When Sasha Verdouw learnt the Tamworth Swans were looking to field a women's side in the AFL North West competition she jumped at the chance to be involved.
Unlike many of her Swans team-mates AFL courses through Verdouw's blood.
"I was raised on AFL," the Western Australian native said.
"I played as a kid and played at high school."
She can't wait to run onto No.1 Oval on Saturday as the Swans make their debut against cross-town rivals Tamworth Kangaroos.
"I'm super pumped, I just want to play a game," Verdouw said.
Moving across from AFL-mad Perth with husband Jesse two-and-a-half years ago to take up a job as an occupational therapist, the 24-year admitted it was a bit of a culture shock.
Not only not couldn't she find a team to play for but it was hard to find somewhere to watch an AFL game.
"The biggest shock coming here was even going to the pub you can't see an AFL game easily," she said.
"The first friends we made said do you follow footy?."
After the response was yes, they then proceeded to ask what league team they supported.
"In WA it (AFL) is everywhere," Verdouw said.
"Even the grand final watching it here, it was so different to watching it in Western Australia where the city is alive no matter what team you support."
She said linking up with the Swans has made Tamworth feel a bit more like home.
Jesse is also suiting up for the Swans for what will be his first season of senior AFL.
"He's a soccer player but he's always enjoyed watching AFL," Verdouw said.
He was coaxed into playing by a work colleague,
"It's so nice, it's something we can do together," she said.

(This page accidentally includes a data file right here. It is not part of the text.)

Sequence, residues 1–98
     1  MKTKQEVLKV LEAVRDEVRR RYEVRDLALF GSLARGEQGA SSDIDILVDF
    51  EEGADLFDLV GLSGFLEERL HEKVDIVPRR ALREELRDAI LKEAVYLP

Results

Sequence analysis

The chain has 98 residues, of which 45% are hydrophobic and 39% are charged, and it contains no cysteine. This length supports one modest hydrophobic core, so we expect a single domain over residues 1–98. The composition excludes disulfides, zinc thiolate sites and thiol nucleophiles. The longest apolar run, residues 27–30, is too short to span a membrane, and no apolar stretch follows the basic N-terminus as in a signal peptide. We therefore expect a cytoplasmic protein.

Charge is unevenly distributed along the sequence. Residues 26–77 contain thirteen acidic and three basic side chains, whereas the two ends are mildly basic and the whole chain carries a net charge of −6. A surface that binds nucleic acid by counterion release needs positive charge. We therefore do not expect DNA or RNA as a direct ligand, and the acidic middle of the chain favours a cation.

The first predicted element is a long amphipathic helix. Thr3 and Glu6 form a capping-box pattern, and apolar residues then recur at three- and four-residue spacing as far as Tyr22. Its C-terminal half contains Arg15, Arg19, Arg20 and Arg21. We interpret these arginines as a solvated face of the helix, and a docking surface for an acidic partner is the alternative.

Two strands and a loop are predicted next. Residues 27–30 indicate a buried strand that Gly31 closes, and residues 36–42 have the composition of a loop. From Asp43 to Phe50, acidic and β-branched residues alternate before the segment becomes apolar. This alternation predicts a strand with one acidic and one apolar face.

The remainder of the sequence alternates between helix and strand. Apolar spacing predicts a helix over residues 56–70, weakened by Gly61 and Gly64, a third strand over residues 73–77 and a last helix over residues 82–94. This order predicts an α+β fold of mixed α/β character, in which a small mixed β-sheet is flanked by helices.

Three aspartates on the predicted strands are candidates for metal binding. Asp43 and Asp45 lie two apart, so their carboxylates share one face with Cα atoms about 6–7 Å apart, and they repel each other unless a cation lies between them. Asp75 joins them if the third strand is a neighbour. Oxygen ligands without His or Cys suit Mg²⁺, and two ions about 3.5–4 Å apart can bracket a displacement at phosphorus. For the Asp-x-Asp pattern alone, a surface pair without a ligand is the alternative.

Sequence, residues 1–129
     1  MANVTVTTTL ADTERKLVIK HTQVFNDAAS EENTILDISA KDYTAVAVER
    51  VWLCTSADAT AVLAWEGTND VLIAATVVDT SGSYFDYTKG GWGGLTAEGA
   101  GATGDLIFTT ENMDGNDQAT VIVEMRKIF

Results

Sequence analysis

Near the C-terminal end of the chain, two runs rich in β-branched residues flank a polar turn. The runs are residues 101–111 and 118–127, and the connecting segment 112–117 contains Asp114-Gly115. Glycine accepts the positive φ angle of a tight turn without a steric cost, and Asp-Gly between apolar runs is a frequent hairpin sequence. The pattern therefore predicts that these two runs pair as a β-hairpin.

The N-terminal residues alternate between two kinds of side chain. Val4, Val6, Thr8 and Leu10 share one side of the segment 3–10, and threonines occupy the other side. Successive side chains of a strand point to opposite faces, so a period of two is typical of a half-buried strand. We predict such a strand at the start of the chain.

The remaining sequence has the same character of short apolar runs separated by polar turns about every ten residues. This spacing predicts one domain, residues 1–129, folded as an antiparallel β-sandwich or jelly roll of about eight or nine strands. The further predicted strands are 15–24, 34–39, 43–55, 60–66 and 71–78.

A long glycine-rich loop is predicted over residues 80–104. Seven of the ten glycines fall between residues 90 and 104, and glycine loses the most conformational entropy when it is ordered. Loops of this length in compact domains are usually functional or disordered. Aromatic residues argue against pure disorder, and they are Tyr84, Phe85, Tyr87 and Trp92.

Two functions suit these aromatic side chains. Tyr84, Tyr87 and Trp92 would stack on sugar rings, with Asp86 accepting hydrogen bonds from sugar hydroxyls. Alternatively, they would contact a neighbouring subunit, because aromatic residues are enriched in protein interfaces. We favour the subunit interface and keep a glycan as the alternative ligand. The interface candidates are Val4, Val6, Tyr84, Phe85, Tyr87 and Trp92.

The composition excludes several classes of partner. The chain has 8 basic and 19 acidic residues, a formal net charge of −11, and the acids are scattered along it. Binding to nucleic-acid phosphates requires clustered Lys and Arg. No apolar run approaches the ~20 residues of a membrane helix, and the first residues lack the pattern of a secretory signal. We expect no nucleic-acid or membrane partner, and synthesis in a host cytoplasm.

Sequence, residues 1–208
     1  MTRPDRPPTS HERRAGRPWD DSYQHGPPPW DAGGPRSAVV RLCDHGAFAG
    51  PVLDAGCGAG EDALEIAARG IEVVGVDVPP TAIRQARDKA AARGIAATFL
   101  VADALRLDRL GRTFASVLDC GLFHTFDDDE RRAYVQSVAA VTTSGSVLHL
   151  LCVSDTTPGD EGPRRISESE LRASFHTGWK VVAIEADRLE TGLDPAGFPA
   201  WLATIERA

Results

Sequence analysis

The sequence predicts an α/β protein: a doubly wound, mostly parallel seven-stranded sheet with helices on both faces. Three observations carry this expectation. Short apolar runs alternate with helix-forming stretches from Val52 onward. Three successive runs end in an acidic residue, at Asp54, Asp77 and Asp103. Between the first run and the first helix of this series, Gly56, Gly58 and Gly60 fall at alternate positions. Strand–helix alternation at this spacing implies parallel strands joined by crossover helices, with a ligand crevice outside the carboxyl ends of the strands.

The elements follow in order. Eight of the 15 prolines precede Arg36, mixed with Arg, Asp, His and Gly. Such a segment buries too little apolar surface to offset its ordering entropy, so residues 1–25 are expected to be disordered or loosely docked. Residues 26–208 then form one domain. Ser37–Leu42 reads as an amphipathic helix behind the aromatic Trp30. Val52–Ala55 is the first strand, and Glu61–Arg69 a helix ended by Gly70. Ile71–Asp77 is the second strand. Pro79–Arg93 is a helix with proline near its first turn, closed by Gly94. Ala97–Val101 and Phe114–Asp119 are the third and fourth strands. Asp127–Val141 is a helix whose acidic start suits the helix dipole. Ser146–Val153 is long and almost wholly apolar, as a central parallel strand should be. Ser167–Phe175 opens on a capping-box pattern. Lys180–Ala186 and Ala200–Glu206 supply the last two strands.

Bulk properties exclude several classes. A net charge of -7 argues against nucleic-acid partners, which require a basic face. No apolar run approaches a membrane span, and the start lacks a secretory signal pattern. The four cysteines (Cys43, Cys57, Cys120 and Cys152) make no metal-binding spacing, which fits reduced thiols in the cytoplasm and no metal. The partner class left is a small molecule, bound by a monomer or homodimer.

Even if that does mean the odd injury with Verdouw playing last month's Crossroads Cup with a couple of fractured ribs courtesy of a run in at training with her husband.
She was hooked from the first training session with the Swans.
"I went to the first pre-season training and absolutely loved it," she said.
"They're an amazing bunch of girls."
"It's been incredible seeing over the last few months how much everyone has come along."
"We don't have a very experienced team but do have some girls that are super motivated."
So much so that they have started doing a boot camp on their 'off' training days'.
United in a sense of embarking on a journey together, there is also a great camaraderie among what is a very young group.
As one of the oldest, and most experienced, players in the side, Verdouw has taken on a bit of a motherly role, which she has really enjoyed.
"It's awesome playing with the young girls and being a positive influence on them," she said.
"It's about playing together and supporting each other and encouraging the girls to be the best that they can be."